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A Christmas Carol is a novella by English author Charles Dickens, first published by Chapman & Hall on 19 December 1843. It tells the story of bitter old miser Ebenezer Scrooge and his transformation resulting from supernatural visits by Jacob Marley and the Ghosts of Christmases Past, Present and Yet to Come. The novella met with instant success and critical acclaim.
The book was written and published in early Victorian era Britain, a period when there was strong nostalgia for old Christmas traditions together with the introduction of new customs, such as Christmas trees and greeting cards. Dickens' sources for the tale appear to be many and varied, but are, principally, the humiliating experiences of his childhood, his sympathy for the poor, and various Christmas stories and fairy tales.
The tale has been viewed by critics as an indictment of 19th century industrial capitalism. It has been credited with restoring the Christmas season as one of merriment and festivity in Britain and America after a period of sobriety and sombreness. A Christmas Carol remains popular - having never been out of print – and has been adapted many times to film, stage, opera, and other media.
In the mid-19th century, a nostalgic interest in former Christmas traditions swept Victorian England following the publication of three influential books: Davies Gilbert's Some Ancient Christmas Carols (1822), William Sandys's Selection of Christmas Carols, Ancient and Modern (1833), and Thomas K. Hervey's The Book of Christmas (1837). That interest was further stimulated by Prince Albert, Queen Victoria's German-born husband, who popularised the German Christmas tree in Britain after their marriage in 1841, the first Christmas card in 1843, and a revival in carol singing. Hervey's study of Christmas customs attributed their passing to regrettable social change and the urbanisation of England.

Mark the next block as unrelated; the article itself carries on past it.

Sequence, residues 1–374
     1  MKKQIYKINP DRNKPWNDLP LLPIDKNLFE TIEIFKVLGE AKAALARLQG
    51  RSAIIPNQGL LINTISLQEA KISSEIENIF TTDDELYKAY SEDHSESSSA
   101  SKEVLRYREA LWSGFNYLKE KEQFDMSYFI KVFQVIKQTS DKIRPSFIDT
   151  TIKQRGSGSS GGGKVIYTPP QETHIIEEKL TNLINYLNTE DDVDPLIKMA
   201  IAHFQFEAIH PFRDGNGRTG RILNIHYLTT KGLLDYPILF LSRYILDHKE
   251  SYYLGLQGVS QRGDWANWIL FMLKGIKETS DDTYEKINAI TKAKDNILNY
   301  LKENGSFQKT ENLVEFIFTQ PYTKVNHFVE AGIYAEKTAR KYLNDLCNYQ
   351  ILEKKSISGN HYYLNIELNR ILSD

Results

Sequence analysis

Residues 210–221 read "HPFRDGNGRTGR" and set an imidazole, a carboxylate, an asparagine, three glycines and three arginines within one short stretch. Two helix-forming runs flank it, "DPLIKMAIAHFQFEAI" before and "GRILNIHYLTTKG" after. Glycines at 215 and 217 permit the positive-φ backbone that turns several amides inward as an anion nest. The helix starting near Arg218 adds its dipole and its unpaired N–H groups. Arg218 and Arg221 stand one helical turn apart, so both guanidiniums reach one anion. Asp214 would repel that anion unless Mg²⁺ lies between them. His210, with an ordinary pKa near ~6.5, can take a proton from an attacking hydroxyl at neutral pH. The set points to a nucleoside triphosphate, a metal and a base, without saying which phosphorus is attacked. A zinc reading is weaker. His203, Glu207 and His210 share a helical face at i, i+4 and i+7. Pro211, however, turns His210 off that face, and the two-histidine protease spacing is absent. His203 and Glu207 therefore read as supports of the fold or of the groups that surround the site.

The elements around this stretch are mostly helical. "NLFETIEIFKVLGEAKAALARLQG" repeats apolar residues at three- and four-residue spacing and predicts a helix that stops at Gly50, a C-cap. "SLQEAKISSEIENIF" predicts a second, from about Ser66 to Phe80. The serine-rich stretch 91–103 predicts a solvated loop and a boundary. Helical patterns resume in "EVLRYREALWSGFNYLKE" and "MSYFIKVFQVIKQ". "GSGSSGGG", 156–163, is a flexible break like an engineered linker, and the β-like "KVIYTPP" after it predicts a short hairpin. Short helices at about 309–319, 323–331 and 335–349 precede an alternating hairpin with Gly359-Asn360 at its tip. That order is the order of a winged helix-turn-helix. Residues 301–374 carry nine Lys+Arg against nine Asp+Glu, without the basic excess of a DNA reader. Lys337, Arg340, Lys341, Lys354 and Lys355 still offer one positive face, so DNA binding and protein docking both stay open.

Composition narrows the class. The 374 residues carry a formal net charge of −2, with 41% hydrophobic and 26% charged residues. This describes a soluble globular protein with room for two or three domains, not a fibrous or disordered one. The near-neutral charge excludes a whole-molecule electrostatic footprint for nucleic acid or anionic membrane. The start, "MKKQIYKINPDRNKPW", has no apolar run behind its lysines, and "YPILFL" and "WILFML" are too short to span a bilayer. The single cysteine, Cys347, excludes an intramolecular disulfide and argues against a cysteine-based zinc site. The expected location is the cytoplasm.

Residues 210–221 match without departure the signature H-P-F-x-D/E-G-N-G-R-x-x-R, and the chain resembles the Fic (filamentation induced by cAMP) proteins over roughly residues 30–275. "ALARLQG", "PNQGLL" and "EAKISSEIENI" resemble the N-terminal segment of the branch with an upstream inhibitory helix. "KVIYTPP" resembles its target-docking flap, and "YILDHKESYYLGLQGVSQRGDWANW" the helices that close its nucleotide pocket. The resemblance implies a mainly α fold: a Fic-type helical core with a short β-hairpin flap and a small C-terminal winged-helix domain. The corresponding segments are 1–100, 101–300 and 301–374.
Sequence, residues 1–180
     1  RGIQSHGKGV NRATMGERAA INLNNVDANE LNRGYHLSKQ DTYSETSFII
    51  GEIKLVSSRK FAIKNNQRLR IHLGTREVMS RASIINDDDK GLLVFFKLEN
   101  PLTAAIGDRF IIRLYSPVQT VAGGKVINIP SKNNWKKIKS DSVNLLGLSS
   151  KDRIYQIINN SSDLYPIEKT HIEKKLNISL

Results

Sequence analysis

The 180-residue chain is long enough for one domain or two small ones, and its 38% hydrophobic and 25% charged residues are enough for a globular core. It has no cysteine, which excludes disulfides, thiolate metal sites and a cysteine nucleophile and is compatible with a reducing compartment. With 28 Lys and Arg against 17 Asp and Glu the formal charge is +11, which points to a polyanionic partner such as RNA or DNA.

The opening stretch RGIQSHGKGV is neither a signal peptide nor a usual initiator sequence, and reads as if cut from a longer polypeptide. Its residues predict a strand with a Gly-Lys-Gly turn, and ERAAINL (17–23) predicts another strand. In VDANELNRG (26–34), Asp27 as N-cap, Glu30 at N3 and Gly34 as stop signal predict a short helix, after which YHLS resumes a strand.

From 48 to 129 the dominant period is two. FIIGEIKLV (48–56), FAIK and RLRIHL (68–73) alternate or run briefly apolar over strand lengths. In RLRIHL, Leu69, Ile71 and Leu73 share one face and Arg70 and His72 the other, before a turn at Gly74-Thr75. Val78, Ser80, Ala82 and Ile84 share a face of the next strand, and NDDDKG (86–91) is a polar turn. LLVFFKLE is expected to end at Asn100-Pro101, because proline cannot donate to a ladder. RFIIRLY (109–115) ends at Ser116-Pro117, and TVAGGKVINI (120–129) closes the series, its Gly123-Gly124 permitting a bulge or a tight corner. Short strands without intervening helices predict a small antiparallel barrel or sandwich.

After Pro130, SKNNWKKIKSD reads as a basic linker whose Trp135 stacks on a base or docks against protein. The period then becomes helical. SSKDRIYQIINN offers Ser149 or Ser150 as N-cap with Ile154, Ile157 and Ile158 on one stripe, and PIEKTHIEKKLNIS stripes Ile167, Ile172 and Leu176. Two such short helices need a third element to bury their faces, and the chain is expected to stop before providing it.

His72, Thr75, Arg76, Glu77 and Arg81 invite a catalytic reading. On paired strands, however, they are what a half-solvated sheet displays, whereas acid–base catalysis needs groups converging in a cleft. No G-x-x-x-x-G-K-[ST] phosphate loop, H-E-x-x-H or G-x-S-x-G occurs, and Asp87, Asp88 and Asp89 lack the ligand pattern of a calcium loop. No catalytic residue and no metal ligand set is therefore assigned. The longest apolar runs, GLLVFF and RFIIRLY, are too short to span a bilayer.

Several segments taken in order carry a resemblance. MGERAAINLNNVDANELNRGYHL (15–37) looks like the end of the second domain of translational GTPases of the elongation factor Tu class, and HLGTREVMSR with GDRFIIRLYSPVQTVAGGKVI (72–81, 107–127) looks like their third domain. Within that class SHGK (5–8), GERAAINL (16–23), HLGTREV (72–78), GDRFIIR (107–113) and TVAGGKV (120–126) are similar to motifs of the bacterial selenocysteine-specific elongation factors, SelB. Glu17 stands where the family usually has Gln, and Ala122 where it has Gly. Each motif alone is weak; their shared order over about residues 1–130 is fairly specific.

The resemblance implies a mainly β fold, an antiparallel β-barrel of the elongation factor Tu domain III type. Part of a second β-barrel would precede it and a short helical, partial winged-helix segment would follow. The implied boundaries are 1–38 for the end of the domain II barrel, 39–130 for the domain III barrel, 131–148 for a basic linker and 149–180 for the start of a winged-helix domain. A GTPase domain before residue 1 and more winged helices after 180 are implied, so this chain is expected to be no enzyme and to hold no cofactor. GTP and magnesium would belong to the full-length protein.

Dickens' Carol was one of the greatest influences in rejuvenating the old Christmas traditions of England but, while it brings to the reader images of light, joy, warmth and life, it also brings strong and unforgettable images of darkness, despair, coldness, sadness and death. Scrooge himself is the embodiment of winter, and, just as winter is followed by spring and the renewal of life, so too is Scrooge's cold, pinched heart restored to the innocent goodwill he had known in his childhood and youth.